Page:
Searching over 5,500,000 cases.

Buy This Entire Record For $7.95

Official citation and/or docket number and footnotes (if any) for this case available with purchase.

Learn more about what you receive with purchase of this case.

Battle v. Mineta


September 9, 2005


The opinion of the court was delivered by: James Robertson United States District Judge


Plaintiff sues under the Civil Rights Act of 1964 for racial discrimination and retaliation, the Age Discrimination in Employment Act for age discrimination, and the Rehabilitation Act of 1973 for refusing to accommodate his claimed disability and for terminating his employment. Both parties have moved for summary judgment, and Mr. Battle has moved for sanctions and civil contempt. For the reasons set forth below, The FAA's motion for summary judgment must be granted. Mr. Battle's motions for summary judgment, sanctions, and contempt will be denied.


Mr. Battle began working at the FAA in 1973 as an electronics technician. He was transferred to FAA headquarters in Washington, D.C. in 1990. Between 1992 and 1996, he filed several EEOC complaints claiming racial discrimination. In July 1998 he entered a settlement agreement with the FAA to settle some of his EEO claims.

Mr. Battle claims he suffered a workplace injury on August 4, 1998, upon receipt of a letter from the head of the FAA Office of Civil Rights.*fn1 He left work the following day after submitting a leave slip that included a request for administrative leave, Def. Ex. 2 ¶¶ 13-15. The requested leave was granted, Def. Ex. 2, Attach. 3 ¶ 12, and Mr. Battle then began to undergo treatment with a therapist who diagnosed him with generalized anxiety disorder "causally related to the work environment." Pl. Ex. 8. According to the therapist, Mr. Battle's condition would not stabilize unless he could return to a "totally different" work environment. Pl. Ex. 9. The therapist sent several letters to the FAA chronicling Mr. Battle's condition and prognosis.*fn2 On May 20, 1999, Mr. Battle's attorney requested that he be transferred to a different location as a reasonable accommodation of his asserted disability, Def. Ex. 2 ¶ 43, Attach. 15, attaching another letter from the therapist, dated May 19, 1999, which stated that Mr. Battle's anxiety was a conditioned response triggered by being around his supervisors "due to adversarial relationships established during litigation and EEO complaints." Def. Ex. 2, Attach. 16. In a subsequent letter dated June 10, 1999, the attorney restated the request for accommodation as a request that Mr. Battle be moved to a different building. Pl. Ex. 2 ¶ 52.

Much of this letter-writing occurred after Mr. Battle had essentially abandoned his job. His supervisor had directed him to return to work on February 16, 1999. Mr. Battle complied, but two days after his return he requested further leave, which the FAA also granted. Def. Ex. 2 ¶ 31. Mr. Battle never again returned to work, and the FAA terminated his employment on February 20, 2000, citing as its reasons his unavailability to perform the duties of his position and his inability to perform the essential functions of his position. Def. Ex. 2 ¶¶ 66-67.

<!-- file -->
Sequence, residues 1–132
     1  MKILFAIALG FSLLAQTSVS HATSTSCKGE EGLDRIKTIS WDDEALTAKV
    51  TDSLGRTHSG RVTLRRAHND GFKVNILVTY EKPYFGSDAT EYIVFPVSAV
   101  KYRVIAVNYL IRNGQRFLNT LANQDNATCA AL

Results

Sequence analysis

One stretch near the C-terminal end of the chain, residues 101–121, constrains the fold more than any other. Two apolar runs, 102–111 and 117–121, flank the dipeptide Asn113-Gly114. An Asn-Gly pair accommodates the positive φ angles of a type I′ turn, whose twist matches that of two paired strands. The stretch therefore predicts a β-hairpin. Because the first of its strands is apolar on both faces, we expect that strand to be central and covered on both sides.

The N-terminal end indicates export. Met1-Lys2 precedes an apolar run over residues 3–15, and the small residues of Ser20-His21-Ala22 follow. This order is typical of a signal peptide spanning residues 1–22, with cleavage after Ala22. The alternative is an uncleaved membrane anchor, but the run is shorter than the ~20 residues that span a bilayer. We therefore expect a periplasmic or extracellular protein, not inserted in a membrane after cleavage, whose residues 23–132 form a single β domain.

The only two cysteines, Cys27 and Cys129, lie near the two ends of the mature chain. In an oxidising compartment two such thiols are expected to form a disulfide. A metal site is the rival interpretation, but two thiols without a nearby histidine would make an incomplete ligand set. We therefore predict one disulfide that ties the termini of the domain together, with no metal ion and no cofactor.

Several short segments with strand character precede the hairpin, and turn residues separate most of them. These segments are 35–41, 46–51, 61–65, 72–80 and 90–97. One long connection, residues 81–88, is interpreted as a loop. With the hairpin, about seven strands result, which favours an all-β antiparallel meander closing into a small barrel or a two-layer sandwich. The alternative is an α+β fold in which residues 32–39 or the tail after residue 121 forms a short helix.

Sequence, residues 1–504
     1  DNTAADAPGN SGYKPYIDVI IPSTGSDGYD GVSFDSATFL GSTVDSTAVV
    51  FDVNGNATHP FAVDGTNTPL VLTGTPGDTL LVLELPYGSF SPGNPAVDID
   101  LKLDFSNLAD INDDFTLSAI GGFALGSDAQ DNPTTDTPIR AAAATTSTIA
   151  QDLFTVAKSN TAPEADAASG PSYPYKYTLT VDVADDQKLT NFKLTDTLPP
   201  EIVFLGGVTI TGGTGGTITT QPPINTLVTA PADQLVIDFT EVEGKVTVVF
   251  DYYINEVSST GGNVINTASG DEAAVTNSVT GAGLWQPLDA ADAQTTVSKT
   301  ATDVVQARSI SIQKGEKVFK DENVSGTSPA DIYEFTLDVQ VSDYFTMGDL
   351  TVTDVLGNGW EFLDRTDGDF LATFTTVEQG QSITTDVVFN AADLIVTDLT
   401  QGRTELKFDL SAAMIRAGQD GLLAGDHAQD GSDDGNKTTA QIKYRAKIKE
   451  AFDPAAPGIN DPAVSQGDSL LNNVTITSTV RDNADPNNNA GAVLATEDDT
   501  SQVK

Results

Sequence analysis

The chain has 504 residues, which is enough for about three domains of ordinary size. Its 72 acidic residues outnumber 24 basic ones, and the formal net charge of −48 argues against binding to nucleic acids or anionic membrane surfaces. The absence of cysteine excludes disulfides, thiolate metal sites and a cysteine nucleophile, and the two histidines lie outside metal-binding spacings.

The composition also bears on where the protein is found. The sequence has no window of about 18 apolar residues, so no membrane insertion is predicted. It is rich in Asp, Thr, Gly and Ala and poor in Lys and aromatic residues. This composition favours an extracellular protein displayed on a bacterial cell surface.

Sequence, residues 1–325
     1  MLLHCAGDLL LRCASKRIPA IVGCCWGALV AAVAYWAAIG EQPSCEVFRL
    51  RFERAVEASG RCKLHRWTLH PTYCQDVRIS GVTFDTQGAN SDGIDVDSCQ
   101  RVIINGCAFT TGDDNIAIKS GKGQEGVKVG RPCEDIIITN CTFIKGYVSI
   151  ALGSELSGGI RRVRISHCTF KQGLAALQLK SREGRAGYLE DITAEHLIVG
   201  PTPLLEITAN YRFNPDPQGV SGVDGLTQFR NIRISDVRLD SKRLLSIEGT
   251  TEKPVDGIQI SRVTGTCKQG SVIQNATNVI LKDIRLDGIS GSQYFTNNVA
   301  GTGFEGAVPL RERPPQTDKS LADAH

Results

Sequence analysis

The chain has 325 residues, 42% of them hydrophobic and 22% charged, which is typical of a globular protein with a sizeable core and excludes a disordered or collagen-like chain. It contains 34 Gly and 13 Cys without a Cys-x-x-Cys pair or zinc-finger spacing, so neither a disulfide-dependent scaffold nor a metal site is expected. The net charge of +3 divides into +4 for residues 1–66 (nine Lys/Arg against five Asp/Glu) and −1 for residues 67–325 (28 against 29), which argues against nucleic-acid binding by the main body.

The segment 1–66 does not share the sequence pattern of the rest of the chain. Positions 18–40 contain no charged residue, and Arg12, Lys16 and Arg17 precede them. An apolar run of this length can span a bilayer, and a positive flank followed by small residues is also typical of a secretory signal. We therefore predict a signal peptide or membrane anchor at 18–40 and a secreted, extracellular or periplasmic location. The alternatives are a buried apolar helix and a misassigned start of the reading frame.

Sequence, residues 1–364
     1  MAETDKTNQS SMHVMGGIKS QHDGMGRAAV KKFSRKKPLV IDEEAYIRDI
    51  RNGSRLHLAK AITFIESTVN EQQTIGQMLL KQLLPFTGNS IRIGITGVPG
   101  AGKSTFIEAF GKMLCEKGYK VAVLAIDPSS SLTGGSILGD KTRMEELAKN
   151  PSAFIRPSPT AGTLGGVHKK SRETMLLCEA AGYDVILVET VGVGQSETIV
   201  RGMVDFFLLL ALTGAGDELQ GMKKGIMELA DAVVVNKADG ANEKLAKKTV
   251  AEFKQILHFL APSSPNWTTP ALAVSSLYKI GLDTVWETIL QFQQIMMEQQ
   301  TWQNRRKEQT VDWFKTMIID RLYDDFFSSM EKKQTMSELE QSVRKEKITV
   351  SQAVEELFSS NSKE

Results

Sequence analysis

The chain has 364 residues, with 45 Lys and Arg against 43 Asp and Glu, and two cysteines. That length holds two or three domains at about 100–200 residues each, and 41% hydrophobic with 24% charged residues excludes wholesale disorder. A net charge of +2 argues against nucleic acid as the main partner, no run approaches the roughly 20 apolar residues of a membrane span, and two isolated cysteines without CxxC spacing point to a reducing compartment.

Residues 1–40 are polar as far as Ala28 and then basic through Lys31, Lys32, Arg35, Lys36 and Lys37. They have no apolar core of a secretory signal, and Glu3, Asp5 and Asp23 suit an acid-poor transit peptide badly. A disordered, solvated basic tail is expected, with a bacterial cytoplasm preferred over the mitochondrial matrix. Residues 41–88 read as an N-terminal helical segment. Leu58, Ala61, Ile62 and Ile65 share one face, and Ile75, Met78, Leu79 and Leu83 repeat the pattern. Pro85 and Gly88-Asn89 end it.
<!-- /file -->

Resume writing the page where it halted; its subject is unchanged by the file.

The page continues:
Procedural Matters

One of the reasons why the defendant's motion for summary judgment will be granted, but not the only reason, is that Mr. Battle has not complied with rules of procedure that require a party opposing a motion for summary judgment to set forth specific facts showing that there is a genuine issue for trial, and, in this Court, to file a statement of genuine issues of material fact that he asserts are disputed. Fed. R. Civ. P. 56(e); LCvR 7(h); see Jackson v. Finnegan, Henderson, Farabow, Garrett & Dunner, 101 F.3d 145 (D.C. Cir. 1996).

Nor has Mr. Battle complied with the requirements of Rule 56(f). He has moved for contempt and for sanctions under Fed. R. Civ. P. 37, claiming, inter alia, that "'facts essential to justify' the [sic] his case in chief, Fed.R.Civ.P. 56(f), are within the control of the FAA and have not been produced pursuant to lawful and reasonable discovery requests previously filed . . . ," Pl. Mem. in Support of Civil Contempt and Sanctions Order 6, but he has ignored Rule 56(f)'s requirement of an affidavit setting forth "what facts he intended to discover that would create a triable issue and why he could not produce them in opposition to the motion," Byrd v. U.S. EPA, 174 F.3d 239, 248 n.8 (D.C. Cir. 1999); see King v. United States Dep't of Justice, 830 F.2d 210, 232 n.157 (D.C. Cir. 1987); Strang v. U.S. Arms Control and Disarmament Agency, 864 F.2d 859, 861 (D.C. Cir. 1989).

Rehabilitation Act Claim